To the editor:
Amesbury is at a critical crossroads with the upcoming election and fundamental differences exist between the candidates regarding the way precious tax dollars are spent and levied. But one of the few areas where all candidates seem to agree is the critical importance of broadening our tax base by increasing commercial/industrial tax revenue to reduce the burden on our over-burdened residential taxpayers.
In the interest of trying to entice businesses to move to Amesbury, the city has done a good job over the years with providing valuable commercial space for economic development, including the Bailey’s Pond/Terrasphere project, the Route 110-150 truck stop and the Golden Triangle. The problem is, today, these parcels remain essentially vacant. Even brand-new structures in high traffic areas like the building that went up with the new CVS on Main Street remain vacant. The fact of the matter is that Amesbury is awash in vacant commercial property.
The mayoral debate of Oct. 9 brought out what I believe to be critically important fundamental differences between the two candidates in this regard. Both candidates were asked to comment on how they would encourage business development. The mayor responded first by highlighting how he would make sure that all the various department heads would sit down with the business owners to ensure a smooth incorporation into our town. Ken Gray, on the other hand, spoke about how vital it is to actively identify who may be inclined to move to the area, and to actively seek them out. The mayor’s approach is a typical reactive stance that depends largely on businesses discovering us. Ken Gray’s strategy, on the other hand, is a proactive approach that has us discovering and courting them. The added advantage with Mr. Gray is that he is an engineer, inventor, business creator and owner, with customers that span the globe. Ken speaks the language of business, he understands their needs, what attracts them to cities ... and more importantly, what repels them.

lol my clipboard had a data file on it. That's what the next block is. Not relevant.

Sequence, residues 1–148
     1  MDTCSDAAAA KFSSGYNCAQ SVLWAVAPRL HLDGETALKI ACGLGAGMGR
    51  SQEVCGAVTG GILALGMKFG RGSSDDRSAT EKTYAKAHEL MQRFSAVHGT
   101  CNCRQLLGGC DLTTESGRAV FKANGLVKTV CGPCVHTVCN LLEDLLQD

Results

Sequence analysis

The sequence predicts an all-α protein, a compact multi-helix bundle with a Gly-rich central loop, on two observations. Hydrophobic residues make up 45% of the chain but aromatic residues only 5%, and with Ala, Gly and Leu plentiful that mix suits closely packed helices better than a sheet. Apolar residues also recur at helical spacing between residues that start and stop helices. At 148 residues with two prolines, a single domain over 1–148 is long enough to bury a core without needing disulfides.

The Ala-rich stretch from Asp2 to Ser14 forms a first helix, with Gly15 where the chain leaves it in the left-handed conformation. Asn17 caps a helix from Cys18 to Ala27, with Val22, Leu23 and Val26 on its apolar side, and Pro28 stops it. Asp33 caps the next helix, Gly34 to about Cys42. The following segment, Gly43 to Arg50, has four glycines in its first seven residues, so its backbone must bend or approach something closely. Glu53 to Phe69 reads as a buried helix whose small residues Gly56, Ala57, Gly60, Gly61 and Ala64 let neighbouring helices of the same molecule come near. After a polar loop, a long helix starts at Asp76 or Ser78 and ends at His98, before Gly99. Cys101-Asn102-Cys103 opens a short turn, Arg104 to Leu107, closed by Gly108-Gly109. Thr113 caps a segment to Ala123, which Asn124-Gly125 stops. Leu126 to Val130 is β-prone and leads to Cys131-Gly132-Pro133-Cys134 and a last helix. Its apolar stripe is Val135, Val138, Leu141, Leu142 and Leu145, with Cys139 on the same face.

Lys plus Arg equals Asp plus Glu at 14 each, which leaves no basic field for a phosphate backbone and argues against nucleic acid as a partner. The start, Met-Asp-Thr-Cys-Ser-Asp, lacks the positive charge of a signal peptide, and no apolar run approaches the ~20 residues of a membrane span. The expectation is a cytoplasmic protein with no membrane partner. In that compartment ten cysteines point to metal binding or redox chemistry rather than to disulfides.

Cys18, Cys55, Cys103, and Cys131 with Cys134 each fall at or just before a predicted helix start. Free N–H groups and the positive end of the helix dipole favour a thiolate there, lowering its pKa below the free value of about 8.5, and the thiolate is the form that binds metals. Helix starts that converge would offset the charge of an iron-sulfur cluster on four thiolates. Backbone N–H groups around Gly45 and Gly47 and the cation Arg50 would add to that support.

The naive attitude of “if you build it, they will come” has proven over and over again to be a fallacy. In fact, the annual new growth of Amesbury’s tax base has been in a free fall over the past six years, going from $50,778,000 in 2007 to a paltry $14,162,000 in 2013 (city bond prospectus, city assessor, and FY2014 city budget). The preponderance of vacant commercial properties is proof positive, and it’s the residential taxpayers and school system who’ve been left holding the bag. This must stop.
While it’s clear we need to attract business to Amesbury to reduce our tax burden, it’s equally clear that a proactive approach by a high tech and business savvy mayor is vastly superior to an entrenched five-term politician sitting around waiting for businesses to discover us.
That’s why I support Ken Gray for mayor of Amesbury.